Legislation that will pave the way for offshore windfarms in Poland is due to be published shortly, but developer Equinor is already making plans for construction and operation
As a partner in two Polish offshore wind projects that have secured environmental and other approvals and a third that has a permit and an agreement for a grid connection, Norwegian energy major Equinor is in prime position to develop projects in the Polish sector of the Baltic.
Equinor’s partner in the projects – the most advanced in Poland – is Polenergia, the largest Polish private, integrated energy group in the country, which implemented a 50/50 joint venture with Equinor in late 2019.
Equinor vice president and project director Vidar Birkeland told a webinar organised by Norwegian Energy in April that the company is awaiting publication of the Polish Government’s Offshore Wind Act, a draft of which was published in January 2020, but in the meantime is advancing plans for construction, operations and maintenance (O&M) on the trio of projects.
“We are expecting the legislation to be published shortly,” Mr Birkeland explained. “The level of support has not been agreed yet. We are looking forward to seeing that but believe it will be sufficient to develop a sound project.”
The Offshore Wind Act includes a support scheme for offshore wind similar to the UK’s contracts for difference (CfD) and addresses solutions to facilitate the development and operation of offshore wind, as well as incentives for developing local supply chains.
The draft of the law outlined the development of more than 10 GW of new capacity, to be awarded CfDs by 2028 in two phases. The first phase of 4.6 GW is reserved for the most advanced projects – such as those with connection agreements – and will be selected by Poland’s energy regulator between 2020 and 2022 with a strike price fixed by the government.
Thereafter, 5.5 GW more capacity will be competitively auctioned in at least three tenders between 2023 and 2028. Given their maturity, it is in this first phase of contracts that Equinor hopes to secure a deal for its projects.
Polenergia was the first entity to obtain environmental decisions for two offshore windfarms in the Baltic, Bałtyk II, with a total capacity of up to 600 MW and Bałtyk III, with a total capacity of up to 1.2 GW. It also has ‘grid connection conditions’ (GCC) for Bałtyk II, the grid connection agreement for Bałtyk III, and a valid environmental decision for the construction of the transmission infrastructure from Poland’s transmission system operator (TSO).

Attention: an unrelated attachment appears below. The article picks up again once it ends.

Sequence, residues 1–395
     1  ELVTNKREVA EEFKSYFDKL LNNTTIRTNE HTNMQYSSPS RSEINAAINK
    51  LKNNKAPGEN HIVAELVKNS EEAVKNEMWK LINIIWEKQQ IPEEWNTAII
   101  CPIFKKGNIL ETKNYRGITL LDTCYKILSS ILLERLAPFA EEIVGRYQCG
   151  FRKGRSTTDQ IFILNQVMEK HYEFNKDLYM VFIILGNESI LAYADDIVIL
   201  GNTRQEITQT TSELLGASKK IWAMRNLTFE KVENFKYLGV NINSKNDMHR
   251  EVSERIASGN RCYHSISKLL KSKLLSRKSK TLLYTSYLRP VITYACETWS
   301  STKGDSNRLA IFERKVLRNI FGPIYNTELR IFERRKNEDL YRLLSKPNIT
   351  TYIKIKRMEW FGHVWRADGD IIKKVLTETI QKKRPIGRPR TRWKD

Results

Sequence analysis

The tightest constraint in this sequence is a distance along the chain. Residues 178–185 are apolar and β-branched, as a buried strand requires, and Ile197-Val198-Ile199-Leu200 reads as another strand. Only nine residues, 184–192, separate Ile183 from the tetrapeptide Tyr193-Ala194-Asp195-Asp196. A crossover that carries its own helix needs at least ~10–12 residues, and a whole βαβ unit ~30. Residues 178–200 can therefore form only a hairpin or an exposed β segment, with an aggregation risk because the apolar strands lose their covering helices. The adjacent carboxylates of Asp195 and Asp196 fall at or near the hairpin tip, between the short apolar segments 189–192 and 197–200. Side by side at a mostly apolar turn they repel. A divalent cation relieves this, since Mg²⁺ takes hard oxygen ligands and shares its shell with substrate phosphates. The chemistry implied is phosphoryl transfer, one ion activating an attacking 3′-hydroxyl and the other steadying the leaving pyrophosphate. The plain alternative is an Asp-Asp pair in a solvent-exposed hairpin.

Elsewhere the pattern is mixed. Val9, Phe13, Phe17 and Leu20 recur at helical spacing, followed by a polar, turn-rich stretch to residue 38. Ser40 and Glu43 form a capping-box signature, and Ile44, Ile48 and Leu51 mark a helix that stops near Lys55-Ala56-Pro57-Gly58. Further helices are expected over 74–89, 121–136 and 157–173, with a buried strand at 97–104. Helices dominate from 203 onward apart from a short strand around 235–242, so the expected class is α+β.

Initial geotechnical surveys of the seabed have already been carried out for the projects and a two-year wind measurement campaign using Lidar has also been completed.
The third project, Bałtyk I, with a total capacity of up to 1.56 GW, has a location permit and a GCC from the TSO. The next key stages of Bałtyk II and Bałtyk III will be procuring a construction permit and selecting the technology to be used in the projects.
Mr Birkeland told the webinar that if it is selected to proceed with construction of Bałtyk II or Bałtyk III, Equinor plans to build the windfarm in its entirety and take responsibility for the grid connection.
At one stage, Poland’s national transmission system operator PSE expressed an interest in extending its responsibility beyond the shoreline and connecting offshore projects, although this idea was dropped in favour of generation developers developing their own connections as an integral part of their construction plans.
Mr Birkeland said a lot of investment will also be required in marshalling yards and port facilities for Polish projects, to make them ready to support large-scale offshore wind projects.
The Norwegian company has also developed O&M plans for the projects, but Mr Birkeland said he does not expect they will require the use of service operation vessels. He said Equinor anticipates that turbine technicians will be transported to the projects in crew transfer vessels.
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